New Eco-towns may fall at the first hurdle
by Alan Harten
July 23, 2008
The governments must hyped plans for the construction of ten new eco-towns spread across the country consisting of many tens of thousands of new residencies may be in trouble before a single brick is laid.
Legal council that has been engaged by several local councils through the Local Government Association (LGA) in England have offered their opinion that the proposals are not legally valid.
The reason for this is the long help principle that such developments are drawn up by local authorities not national government. And as these councils are opposed to the plans, they are unlikely to be involved in the process.
The high powered legal team including James Strachan and John Steel QC state that there is already a policy in place for the provision of environmentally sustainable housing throughout the country that is under the control of local councils.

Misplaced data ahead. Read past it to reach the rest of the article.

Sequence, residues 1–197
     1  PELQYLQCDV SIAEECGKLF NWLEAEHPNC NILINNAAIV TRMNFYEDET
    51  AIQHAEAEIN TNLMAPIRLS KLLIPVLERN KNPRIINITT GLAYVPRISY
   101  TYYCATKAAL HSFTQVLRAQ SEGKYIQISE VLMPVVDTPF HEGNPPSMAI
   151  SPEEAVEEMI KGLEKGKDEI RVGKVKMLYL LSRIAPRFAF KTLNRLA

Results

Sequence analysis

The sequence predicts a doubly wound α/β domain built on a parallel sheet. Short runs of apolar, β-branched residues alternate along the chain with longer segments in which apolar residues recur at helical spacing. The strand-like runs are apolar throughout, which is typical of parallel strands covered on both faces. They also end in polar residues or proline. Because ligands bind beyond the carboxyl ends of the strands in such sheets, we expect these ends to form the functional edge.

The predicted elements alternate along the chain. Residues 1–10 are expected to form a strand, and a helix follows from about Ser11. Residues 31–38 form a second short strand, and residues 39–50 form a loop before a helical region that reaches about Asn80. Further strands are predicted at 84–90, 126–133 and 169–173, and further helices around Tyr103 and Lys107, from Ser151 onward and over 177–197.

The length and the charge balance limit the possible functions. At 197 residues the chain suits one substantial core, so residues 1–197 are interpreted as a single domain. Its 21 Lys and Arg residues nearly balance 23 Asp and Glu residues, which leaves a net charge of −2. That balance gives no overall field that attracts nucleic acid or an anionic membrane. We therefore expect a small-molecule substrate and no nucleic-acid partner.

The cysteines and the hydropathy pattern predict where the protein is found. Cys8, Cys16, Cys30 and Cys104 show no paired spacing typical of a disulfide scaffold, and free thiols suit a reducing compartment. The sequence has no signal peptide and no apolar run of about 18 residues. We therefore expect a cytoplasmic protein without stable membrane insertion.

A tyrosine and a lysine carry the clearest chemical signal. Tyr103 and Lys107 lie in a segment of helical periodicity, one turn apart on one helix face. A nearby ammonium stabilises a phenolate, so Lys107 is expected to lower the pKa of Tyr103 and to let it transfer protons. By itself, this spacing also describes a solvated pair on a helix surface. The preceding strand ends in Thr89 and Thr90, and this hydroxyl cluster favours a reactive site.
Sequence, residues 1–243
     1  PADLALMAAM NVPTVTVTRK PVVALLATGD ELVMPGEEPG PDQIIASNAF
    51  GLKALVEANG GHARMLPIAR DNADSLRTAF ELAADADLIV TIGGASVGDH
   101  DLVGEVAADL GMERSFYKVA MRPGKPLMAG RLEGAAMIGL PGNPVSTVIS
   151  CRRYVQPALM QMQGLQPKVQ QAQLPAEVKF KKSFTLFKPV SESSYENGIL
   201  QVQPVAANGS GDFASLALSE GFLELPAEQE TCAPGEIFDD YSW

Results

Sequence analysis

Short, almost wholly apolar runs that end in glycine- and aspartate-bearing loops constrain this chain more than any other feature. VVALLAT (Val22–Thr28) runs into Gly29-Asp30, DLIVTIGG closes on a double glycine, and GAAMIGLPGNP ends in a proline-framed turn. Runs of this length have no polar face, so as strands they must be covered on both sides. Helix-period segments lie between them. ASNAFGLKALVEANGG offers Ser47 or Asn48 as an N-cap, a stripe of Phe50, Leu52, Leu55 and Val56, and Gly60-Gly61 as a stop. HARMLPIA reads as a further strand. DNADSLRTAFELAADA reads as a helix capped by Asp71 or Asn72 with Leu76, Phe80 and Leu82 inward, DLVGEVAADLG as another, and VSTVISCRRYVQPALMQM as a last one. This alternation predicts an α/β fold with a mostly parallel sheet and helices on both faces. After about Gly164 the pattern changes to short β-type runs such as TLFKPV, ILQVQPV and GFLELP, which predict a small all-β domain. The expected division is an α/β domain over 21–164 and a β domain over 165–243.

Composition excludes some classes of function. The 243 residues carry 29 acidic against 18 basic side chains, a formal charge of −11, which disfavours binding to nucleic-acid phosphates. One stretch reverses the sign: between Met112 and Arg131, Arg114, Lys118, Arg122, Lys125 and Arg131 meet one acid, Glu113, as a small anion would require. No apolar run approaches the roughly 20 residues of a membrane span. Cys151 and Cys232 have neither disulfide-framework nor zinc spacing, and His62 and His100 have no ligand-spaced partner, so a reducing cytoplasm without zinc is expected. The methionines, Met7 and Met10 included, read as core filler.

They claim that the only reason to introduce the new eco-towns is to side-step the existing regulations and planning policy and build the homes outside of the existing legal framework.
According to the LGA their members are no opposed in principal to the new towns as they see them as a necessary way of meeting the current and future housing shortage while at the same time fighting the threat of climate change.
However, the local authorities do take issue with the idea that the government intends to over-run the existing local planning processes and force areas to accept their plans.
Nearly all of the 15 local authorities involved are now tabling the notion of fighting the proposals in court. One problem for the councils is that it is probable that each individual council may have to fight their own individual case in separate proceedings, a costly prospect.
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